Waiver Of Premium For Payer Benefit

Definition of 'Waiver Of Premium For Payer Benefit '


A clause in an insurance policy that says that the insurance company will not require the insured to pay a fee to maintain the policy under certain conditions. Most commonly, these conditions are the death or disability of the person paying the insurance premiums. The insurance company may charge a higher premium to include this waiver in the policy to compensate for the additional risks presented with a waiver of premium for payer benefit.

Investopedia explains 'Waiver Of Premium For Payer Benefit '


For example, if a parent or grandparent purchased a life insurance policy for their child or grandchild, the policy might contain a waiver of premium so that the child would continue to be covered even if the parent or grandparent died or became disabled and was no longer able to pay the premiums. The waiver might only apply until the child reached an age where he or she could be expected to pay the premiums alone, such as age 21.



comments powered by Disqus
Hot Definitions
  1. Family Limited Partnership - FLP

    A type of partnership designed to centralize family business or investment accounts. FLPs pool together a family's assets into one single family-owned business partnership that family members own shares of. FLPs are frequently used as an estate tax minimization strategy, as shares in the FLP can be transferred between generations, at lower taxation rates than would be applied to the partnership's holdings.
  2. Yield Burning

    The illegal practice of underwriters marking up the prices on bonds for the purpose of reducing the yield on the bond. This practice, referred to as "burning the yield," is done after the bond is placed in escrow for an investor who is awaiting repayment.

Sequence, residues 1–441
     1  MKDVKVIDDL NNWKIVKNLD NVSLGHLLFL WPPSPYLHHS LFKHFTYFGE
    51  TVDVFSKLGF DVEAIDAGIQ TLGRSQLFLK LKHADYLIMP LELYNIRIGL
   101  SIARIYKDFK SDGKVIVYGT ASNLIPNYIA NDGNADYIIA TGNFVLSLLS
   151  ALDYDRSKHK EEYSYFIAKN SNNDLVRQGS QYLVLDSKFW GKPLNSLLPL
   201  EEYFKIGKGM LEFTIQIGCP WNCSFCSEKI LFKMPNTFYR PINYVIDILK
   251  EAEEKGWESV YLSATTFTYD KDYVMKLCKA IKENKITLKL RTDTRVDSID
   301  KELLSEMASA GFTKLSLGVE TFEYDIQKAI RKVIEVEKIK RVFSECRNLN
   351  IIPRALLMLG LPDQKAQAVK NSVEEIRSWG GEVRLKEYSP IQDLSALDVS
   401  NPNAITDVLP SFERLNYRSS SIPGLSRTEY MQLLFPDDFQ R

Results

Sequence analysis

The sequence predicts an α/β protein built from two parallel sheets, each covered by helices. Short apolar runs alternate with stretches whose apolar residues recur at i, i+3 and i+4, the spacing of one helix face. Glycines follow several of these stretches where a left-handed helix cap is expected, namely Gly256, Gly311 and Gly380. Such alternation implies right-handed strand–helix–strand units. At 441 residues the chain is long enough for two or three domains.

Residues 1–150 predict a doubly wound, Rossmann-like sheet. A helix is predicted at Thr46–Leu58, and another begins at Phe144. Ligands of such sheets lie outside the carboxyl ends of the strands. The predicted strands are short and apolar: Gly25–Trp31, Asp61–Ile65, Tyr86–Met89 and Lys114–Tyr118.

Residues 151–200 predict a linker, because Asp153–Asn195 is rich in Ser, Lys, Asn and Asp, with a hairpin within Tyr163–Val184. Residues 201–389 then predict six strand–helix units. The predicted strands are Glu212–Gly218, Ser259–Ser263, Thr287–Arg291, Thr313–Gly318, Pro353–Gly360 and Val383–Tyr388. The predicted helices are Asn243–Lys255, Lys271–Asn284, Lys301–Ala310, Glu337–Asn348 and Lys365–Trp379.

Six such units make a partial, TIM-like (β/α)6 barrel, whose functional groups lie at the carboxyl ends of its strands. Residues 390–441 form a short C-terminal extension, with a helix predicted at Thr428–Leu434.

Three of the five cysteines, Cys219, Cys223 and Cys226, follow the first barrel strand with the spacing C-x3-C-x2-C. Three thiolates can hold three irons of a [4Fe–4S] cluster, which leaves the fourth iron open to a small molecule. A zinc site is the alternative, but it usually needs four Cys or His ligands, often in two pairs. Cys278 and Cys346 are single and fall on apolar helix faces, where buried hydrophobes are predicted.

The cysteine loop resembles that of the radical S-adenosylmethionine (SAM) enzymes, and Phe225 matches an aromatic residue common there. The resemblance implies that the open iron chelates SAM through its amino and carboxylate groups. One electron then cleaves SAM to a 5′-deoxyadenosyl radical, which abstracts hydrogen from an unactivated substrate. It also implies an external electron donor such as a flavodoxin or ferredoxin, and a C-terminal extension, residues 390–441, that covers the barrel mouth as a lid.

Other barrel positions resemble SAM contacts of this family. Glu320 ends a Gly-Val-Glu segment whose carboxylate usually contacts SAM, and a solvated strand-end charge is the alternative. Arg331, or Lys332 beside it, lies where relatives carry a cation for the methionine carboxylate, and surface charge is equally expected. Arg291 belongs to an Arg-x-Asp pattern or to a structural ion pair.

3. Marginal Analysis

    An examination of the additional benefits of an activity compared to the additional costs of that activity. Companies use marginal analysis as a decision-making tool to help them maximize their profits. Individuals unconsciously use marginal analysis to make a host of everyday decisions. Marginal analysis is also widely used in microeconomics when analyzing how a complex system is affected by marginal manipulation of its comprising variables.
  4. Treasury Inflation Protected Securities - TIPS

    A treasury security that is indexed to inflation in order to protect investors from the negative effects of inflation. TIPS are considered an extremely low-risk investment since they are backed by the U.S. government and since their par value rises with inflation, as measured by the Consumer Price Index, while their interest rate remains fixed.
  5. Gilt-Edged Switching

    The selling and repurchasing of certain high-grade stocks or bonds to capture profits. Gilt-edged switching involves gilt-edged security, which can be high-grade stock or bond issued by a financially stable company such as the Blue Chip companies or by certain governments.
  6. Master Limited Partnership - MLP

    A type of limited partnership that is publicly traded. There are two types of partners in this type of partnership: The limited partner is the person or group that provides the capital to the MLP and receives periodic income distributions from the MLP's cash flow, whereas the general partner is the party responsible for managing the MLP's affairs and receives compensation that is linked to the performance of the venture.
Trading Center